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Allan Hills A78019
Basic information Name: Allan Hills A78019
     This is an OFFICIAL meteorite name.
Abbreviation: ALHA78019
This meteorite may also be called Allan Hills 78019 (ALH 78019) in publications.

Observed fall: No
Year found: 1978
Country: Antarctica [Collected jointly by ANSMET (US) and NIPR (Japan)]
Mass:help 30.3 g
Classification
  history:
Antarctic Meteorite Newsletter:  AMN 2(2)  (1979)  Ureilite
Meteoritical Bulletin:  MB 76  (1994)  Ureilite
NHM Catalogue:  5th Edition  (2000)  Ureilite
NIPR Catalogue:  2000 Edition  (2000)  Ureilite
MetBase:  v. 7.1  (2006)  Ureilite
Recommended:  Ureilite    [explanation]

This is 1 of 497 approved meteorites classified as Ureilite.   [show all]
Search for other: Achondrites, Ureilites
Writeuphelp
Writeup from AMN 2(2):
This text was reprinted from AMN 2(2) in AMN 4(1). In some cases, it may be an updated version from the original.

Sample No.: ALHA78019

Location: Allan Hills

Field No.: 274

Wight (gms): 30.3

Meteorite Type: Ureilite

 

Physical Description:

Fusion crust is present on all surfaces but is patchy and does not cover the entire stone. The fusion crust is smooth, dull brownish black and has polygonal fracture. Where the fusion crust is not present the surface is reddish-brown and crystalline. One fracture penetrated the entire stone. The stone (3.0 x 2.5 x 3.0 cm) was cleaved in half and no unweathered material was exposed. The entire sample is reddish-brown throughout. The interior is crystal-line which breaks apart when handled.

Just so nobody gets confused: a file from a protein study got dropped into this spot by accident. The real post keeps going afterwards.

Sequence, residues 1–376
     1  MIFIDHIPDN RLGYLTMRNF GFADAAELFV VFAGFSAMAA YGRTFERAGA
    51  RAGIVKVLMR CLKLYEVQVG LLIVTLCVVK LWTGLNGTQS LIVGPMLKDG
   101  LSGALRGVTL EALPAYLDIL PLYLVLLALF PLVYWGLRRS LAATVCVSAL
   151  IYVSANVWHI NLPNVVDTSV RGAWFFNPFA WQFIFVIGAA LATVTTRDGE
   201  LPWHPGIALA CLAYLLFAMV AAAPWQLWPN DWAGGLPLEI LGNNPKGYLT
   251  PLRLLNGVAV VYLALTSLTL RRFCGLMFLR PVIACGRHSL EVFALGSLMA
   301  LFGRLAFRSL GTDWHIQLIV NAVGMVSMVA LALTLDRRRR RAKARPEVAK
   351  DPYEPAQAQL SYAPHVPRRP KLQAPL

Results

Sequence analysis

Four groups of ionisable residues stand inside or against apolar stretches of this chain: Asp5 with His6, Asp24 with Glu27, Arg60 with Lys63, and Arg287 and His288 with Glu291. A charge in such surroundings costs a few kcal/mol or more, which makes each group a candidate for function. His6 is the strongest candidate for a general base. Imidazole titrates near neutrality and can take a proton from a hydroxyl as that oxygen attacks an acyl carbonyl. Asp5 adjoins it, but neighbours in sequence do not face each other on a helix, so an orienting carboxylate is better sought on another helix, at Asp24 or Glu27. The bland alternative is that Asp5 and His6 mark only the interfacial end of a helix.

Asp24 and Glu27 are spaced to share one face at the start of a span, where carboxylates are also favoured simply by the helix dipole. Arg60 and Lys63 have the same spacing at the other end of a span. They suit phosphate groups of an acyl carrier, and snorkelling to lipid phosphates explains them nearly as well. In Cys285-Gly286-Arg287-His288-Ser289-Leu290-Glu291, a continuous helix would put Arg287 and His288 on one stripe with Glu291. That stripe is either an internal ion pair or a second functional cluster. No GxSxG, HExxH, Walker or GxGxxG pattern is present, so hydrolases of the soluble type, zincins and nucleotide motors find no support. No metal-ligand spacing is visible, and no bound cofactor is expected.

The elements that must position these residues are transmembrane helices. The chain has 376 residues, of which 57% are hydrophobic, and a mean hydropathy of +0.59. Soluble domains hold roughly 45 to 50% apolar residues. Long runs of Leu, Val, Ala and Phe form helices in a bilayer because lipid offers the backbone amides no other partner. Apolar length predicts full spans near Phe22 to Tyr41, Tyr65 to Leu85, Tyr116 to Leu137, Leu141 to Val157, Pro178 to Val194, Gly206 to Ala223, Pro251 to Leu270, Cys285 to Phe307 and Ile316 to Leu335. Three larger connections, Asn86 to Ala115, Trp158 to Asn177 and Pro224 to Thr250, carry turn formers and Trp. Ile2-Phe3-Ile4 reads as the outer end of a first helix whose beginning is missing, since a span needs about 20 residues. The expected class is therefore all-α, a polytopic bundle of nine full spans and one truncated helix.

Petrographic Description: Brian Mason

The thin section shows an aggregate of rounded to subhedral grains (0.5 - 3 mm across) of olivine, with minor pyroxene. The grains are rimmed with black carbonaceous material. Trace amounts of troilite and nickel-iron are present, the latter largely altered to translucent brown limonite concentrated along grain boundaries. Microprobe analyses show olivine of uniform composition (Fa22) with notably high CaO (0.4%) and Cr2O3 (0.7%) contents; the pyroxene is a pigeonite of composition Wo10Fs18En72. This meteorite is a ureilite, with mineral compositions essentially identical to those in the Kenna ureilite (Geochim. Cosmochim. Acta, 40, p. 1430, 1976); it appears to be relatively unshocked compared to most ureilites.

Data from:
  MB76
  Table 2
  Line 270:
Origin or pseudonym:Main icefield
Mass (g):30.3
Class:Ur
Weathering grade:B/C
Fayalite (mol%):23
Ferrosilite (mol%):18
Comments:78019 pairing group
Catalogs:
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Search for this meteorite in the NASA/JSC database (U.S.):   
References: Published in Antarctic Meteorite Newsletter 2(2) (1979), JSC, Houston
Published in Meteoritical Bulletin, no. 76, Meteoritics 29, 100-143 (1994)
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Geography:

Antarctica
Coordinates:
     Catalogue of Meteorites:   (76° 43'S, 159° 40'E)
     Recommended::   (76° 43'S, 159° 40'E)

Statistics:
     This is 1 of 38937 approved meteorites from Antarctica (plus 5051 unapproved names)
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